Ryan, Marissa, Summer, and Seth - The OC

Since the culmination of The O.C., I can’t help but feel as if a part of me died.  Not only has my weekly television viewing schedule been disrupted but I can’t seem to get over the fact that Seth married one of the greatest TV characters of all time. Bold statement I know, but I adored Summer.  I loved to hate her in season one and just simply loved her by the end of the show.  Summer Roberts, while snotty and spoiled, was tough as nails and walked a fine line between “Newpsie” and down to earth.  She was reliable, stable, and surprisingly pure.  Yes, while Summer had several questionable moments, she ultimately had a heart of gold.  She was honest, honorable, and gave the show a sense of subconscious balance which was overshadowed by the constant unimaginable drama.   Summer’s obsession with The Valley and tabloid magazines didn’t distract us from her fundamental character values.  If anything, her preppy quirkiness was endearing because she continually proved to us the complexity of her personality.  Summer’s character held the show together and indirectly became a pop culture role model for young people saturated with exposure of Brittany, Paris and Lindsey.

Not being able to see her on a weekly basis isn’t why a part of me died though.  I mean, it certainly didn’t help but I’m more concerned with dynamics of Seth and Summer’s relationship and how the show ended.  The Seth and Summer saga was pure TV gold and they were somehow able to keep it interesting for several years- without ruining it.  That’s the biggest surprise and achievement that came from the show, the writers didn’t take the easy way out.  They could have added bubble-gum drama where the two of them were off-again on-again but instead forced them to face their issues and work them out.

The writers impressed me by doing this, not only did it add a true humanistic portrayal of love to the story but it reiterated to the audience that relationships take work.  The writers incorporated notions of heart, time, forgiveness, understanding, patience and honesty to make things right.  The story usually revolved around Seth growing into these traits but the fact that the writers didn’t shy away from the importance might have influenced the social maturity of a generation. While The O.C. was filled with tons on nonsense, it was also filled with morality.  Often times they made examples of what not to do but in Seth and Summer’s case they made a conscious effort to lead by example.  That is until they got married.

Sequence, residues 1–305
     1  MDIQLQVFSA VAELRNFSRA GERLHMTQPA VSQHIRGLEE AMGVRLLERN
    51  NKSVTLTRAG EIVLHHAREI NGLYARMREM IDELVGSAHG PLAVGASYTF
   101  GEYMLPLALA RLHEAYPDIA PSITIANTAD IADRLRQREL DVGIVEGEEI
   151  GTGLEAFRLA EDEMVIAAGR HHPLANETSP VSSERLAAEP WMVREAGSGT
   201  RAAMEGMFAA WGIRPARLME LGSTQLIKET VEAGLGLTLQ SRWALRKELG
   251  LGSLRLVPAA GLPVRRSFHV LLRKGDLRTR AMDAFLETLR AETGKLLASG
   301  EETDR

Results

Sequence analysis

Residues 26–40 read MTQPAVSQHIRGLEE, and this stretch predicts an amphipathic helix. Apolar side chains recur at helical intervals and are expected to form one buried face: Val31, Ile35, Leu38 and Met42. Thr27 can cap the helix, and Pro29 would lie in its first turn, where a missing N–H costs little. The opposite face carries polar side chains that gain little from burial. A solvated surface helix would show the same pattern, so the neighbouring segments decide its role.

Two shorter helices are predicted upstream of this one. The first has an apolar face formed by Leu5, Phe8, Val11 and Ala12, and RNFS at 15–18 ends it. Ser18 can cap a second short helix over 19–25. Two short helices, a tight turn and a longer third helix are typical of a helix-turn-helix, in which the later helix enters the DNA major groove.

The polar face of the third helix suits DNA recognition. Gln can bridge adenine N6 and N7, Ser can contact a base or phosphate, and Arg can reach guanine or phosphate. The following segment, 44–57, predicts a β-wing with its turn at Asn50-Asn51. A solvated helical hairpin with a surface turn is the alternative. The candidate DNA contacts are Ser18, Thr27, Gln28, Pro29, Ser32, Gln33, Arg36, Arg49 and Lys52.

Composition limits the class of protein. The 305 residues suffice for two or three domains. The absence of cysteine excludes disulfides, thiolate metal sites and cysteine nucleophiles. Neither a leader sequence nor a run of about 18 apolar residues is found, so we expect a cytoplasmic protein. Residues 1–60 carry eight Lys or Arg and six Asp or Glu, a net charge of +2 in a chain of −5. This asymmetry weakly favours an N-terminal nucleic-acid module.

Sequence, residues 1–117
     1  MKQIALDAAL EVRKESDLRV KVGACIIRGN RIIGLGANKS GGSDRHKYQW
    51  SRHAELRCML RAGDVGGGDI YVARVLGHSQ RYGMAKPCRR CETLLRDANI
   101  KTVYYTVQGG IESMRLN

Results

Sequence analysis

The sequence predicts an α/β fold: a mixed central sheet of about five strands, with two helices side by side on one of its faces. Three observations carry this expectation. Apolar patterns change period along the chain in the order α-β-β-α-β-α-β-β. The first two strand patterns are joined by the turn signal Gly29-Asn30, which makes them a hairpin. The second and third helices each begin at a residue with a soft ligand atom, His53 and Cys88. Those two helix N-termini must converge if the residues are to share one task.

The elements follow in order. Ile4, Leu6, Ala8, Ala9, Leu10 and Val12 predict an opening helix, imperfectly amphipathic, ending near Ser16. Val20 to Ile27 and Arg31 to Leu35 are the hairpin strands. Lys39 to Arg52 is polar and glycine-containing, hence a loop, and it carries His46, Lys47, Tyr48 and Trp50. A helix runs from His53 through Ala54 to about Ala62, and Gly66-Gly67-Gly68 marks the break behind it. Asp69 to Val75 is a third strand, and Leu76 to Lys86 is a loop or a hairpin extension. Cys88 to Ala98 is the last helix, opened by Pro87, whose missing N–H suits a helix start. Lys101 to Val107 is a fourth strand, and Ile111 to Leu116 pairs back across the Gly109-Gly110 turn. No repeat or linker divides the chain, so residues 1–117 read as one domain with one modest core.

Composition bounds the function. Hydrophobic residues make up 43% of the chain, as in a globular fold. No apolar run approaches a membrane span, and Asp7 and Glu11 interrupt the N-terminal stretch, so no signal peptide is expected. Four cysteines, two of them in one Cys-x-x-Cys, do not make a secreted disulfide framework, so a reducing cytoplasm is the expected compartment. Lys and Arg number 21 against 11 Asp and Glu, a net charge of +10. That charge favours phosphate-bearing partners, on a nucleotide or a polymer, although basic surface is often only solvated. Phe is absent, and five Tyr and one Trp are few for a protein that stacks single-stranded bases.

The reason I can’t get over this is because Seth won.  I wanted him to win, I rooted for him from day one.  However, it gives me the same sense of disbelief that I had when Marissa died. Oh, I so wanted her to die.  It was two and a half seasons too long if you ask me.  But as she lay dying in one of the worst acting scenes in the show’s history, I felt bad.  Worse then I felt when Johnny drunkenly staggered off a cliff.  Marissa embodied so much of what was wrong with the show that by her not being there we were left with a sense of peace.  Peace makes for horrible TV and that’s why I couldn’t believe it actually happened.  The same goes for Seth.  The only other crutch that the show had was Seth and Summer, them living happily ever after completely sealed it’s fate.  I was never under the impression that there would be a spin off or it would resurrect itself several years down the line, but the marriage was just so absolute.

By Seth and Summer marrying, not only did I have to come to grips with my weekly television escape truly being over but now I’m left with another sappy romantic comedy that will further hinder my future relationship judgment and expectations.  The silly entertaining involvement between these two have subconsciously programmed viewers, yet again, with the notions of a socially retarded emo outcast having the ability to not only hook up with, but marry the girl of his dreams.  I suppose it’s possible, but it’s not realistic.  It’s just another Hollywood fairy tale that geeks have eaten up since Sixteen Candles, Can’t Hardly Wait, Gidget, and When Harry Met Sally.  We’ve been force-fed the idea that love holds no bounds and me, along with the rest of our society, hold on to the fantasy that our love life will take shape of that which we see on the silver screen.

Seth and Summer are the reason for half of all marriages failing in the United States.  From a young age pop culture has lead us to believe that we have the ability to become the next movie god or rock star.  As we hit our twenties and thirties depression levels have also spiked, leaving most of us wondering where we went wrong and feeling utterly unfulfilled.  Love has followed a similar suit, we get wrapped up in falling in love but have no idea how to live with it once we have it.  The TV show or movie always ends once the guy gets the girl.  No matter how many episodes of Joanie Loves Chachi you’ve seen, we’ve never been subconsciously taught how to deal with longevity.  The O.C. further perpetuated this cycle.

I can’t say if I’m more disturbed by the social implications of the relationship or if I’m just upset that the now Summer Cowen isn’t Summer Hammond.  It’s not that I can’t cope with a few more divorces but it’s going to be really hard for me to find a girl saving the sea otters while at the same time wearing stilettos.

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